Till the early/mid 1970's, British comics could be very tame. Then along came three classic titles that broke the mould by telling stories that were grimmer and grittier and more realistic than before.
Action: which told stories from many genres, but all of which tried to live up to the comic's title.
Battle: which told war stories. It being less than three decades since the end of World War Two, it was still quite fresh in the national consciousness.
2000AD: which told science fiction tales.
This volume is the latest from Titan to reprint strips from Battle. As with all the other ones, the reprints are all in black and white [some of the original pages were in colour]. The quality of the reprint can vary, given the age of the source material. And some of the language may not go down too well with modern readers. But comes from the time in which the story was set. The occasional gap on a page is because there was originally an advert there. Plus they also reprint some of the covers from the comic that related to the story.
And each weekly reprinted instalment runs for three to four pages.
This one is a little longer than the others in this range, because it contains two complete stories. And three stand alone ones.
There's an introduction to each from popular comics writer Garth Ennis. Plus an afterword from him as well.
First story, reprinting every single instalment of it [almost a year's worth] is HMS Nightshade. This begins by showing us a marker buoy which shows where a ship was sunk in the channel during the war. And an old war veteran called George Dunn, who served on it. A corvette called HMS Nightshade. The narrative device has George telling grandson about his wartime experiences on the ship.
Written and drawn by the team who'd previously done the very popular 'Darkie's mob' story, this has storylines of varying length. Sometimes complete in two weeks. Sometimes a lot longer. It strives very hard for realism and succeeds superbly well. The characters are all down to earth everymen, which makes them believable. Some though really stand out thanks to their behaviour. In particular Tony 'Never gonna make it' Brown, the most pessimistic crewmember in regards to their survival chances. Who also happens to be the luckiest man on the ship.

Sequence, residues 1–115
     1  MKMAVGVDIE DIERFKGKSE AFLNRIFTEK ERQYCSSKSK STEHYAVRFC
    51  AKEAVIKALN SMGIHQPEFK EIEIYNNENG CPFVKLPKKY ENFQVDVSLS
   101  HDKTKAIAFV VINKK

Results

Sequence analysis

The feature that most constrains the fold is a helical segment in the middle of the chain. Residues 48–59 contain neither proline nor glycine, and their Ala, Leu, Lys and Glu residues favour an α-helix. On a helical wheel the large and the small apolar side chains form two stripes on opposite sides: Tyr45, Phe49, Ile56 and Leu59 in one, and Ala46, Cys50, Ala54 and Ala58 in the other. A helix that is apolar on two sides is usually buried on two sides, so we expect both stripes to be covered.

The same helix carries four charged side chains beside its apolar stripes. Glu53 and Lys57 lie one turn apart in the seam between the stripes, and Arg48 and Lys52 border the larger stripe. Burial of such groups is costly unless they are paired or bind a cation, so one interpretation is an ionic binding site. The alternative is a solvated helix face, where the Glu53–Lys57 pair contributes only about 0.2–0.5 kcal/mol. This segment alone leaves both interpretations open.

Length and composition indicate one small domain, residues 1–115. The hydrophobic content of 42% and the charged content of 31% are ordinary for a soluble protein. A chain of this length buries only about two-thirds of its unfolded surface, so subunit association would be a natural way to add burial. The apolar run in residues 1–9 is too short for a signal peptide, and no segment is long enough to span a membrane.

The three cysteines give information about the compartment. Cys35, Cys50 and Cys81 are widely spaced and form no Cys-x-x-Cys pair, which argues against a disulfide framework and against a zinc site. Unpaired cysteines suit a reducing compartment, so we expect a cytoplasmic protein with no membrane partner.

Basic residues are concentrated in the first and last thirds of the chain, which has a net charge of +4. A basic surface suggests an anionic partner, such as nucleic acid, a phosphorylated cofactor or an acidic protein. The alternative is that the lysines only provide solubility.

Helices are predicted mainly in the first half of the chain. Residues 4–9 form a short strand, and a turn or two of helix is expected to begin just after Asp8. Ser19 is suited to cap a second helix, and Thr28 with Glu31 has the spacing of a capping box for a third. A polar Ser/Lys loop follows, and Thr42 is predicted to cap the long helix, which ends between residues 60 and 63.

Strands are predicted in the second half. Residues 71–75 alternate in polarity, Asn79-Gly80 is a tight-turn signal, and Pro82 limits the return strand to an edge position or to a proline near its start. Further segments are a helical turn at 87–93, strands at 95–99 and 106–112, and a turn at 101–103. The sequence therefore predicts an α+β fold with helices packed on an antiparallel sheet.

It's all very believable. There's no movie style heroics. The ship's time on a convoy to Murmansk superbly conveys the appalling conditions and danger those convoys went through. And it also conveys the nature of war. Characters can die at a moment's notice. Sacrifice can be required. There are moments that might just bring a tear to your eye.
The ending is stunning, unexpected, realistic, and has one powerful taste of irony.
Ever since this range began I'd been hoping this story would be reprinted. So it must have made as big an impression on me back in the day as it clearly did on Garth Ennis. So you can sometimes get what you want. And it was worth the wait. This is British war comic writing and art at it's finest. And you'll never forget it once read.
The second story is 'The General Dies at Dawn.' Which runs for just eleven instalments. Some of which were in earlier volume 'The Best of Battle.' It's 20th April 1945. In a military prison in Germany, General Otto Van Margen, known as the wolf of Kiev and a man with many medals, has just been found guilty of cowardice and crimes against the Reich by a military court. He will be shot at dawn.
As the hours tick by, he tells his jailer his story. And just why a hero of Germany has been condemned to this fate. All the time though, hoping against hope that the Americans might reach the jail before morning.
By this time, war comics had started experimenting with stories from the German point of view. These, as mentioned by Garth Ennis, are inspired by the raft of biographies from German veterans which depicted them as 'the Good German'. Fighting for the Fatherland. Frustrated by the petty nazi bureaucrats back in Berlin. And having to contend with the behaviour of the SS.
There are concessions to fiction, not least since Von Margen never discovers the holocaust, and there's a military action that never happened. But the narrative framework of this is so cleverly done and the lead character so sympathetic that it hooks from the off and won't let go.
Will the General survive? You won't see the ending coming. But it's a fine piece of writing, and a memorable end to another memorable story.
There are also three standalone tales, all complete in four pages. All in here because they're early work from artist Cam Kennedy, who went on to do a lot for 2000AD. 'Clash By Night' is a memorable little tale of action on Iwo Jima and a few things soldiers did at the time. 'Hot Wheels' is a fun little story of the American supply corps in action.
Then there's 'Private Loser.' Burma, 1942. Private Hollis. A meek little man who has spent his life being bullied and put down. He's done for. And he now has no choice but to finally stand up for himself.
This is an amazing example of how to write a story in just four pages and make it unforgettable. A stunningly good character drama with an ending that doesn't cop out. You won't forget this one either.
All in all a superb volume of classic war comics, and yours to treasure forever. I would give it more than five stars if I could.